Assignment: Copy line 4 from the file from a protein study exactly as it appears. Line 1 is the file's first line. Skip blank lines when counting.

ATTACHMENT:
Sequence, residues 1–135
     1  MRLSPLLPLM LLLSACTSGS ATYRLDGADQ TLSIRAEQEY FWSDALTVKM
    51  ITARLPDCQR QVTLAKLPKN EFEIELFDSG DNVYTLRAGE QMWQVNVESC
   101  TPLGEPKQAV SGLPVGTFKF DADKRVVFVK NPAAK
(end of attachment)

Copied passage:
   101  TPLGEPKQAV SGLPVGTFKF DADKRVVFVK NPAAK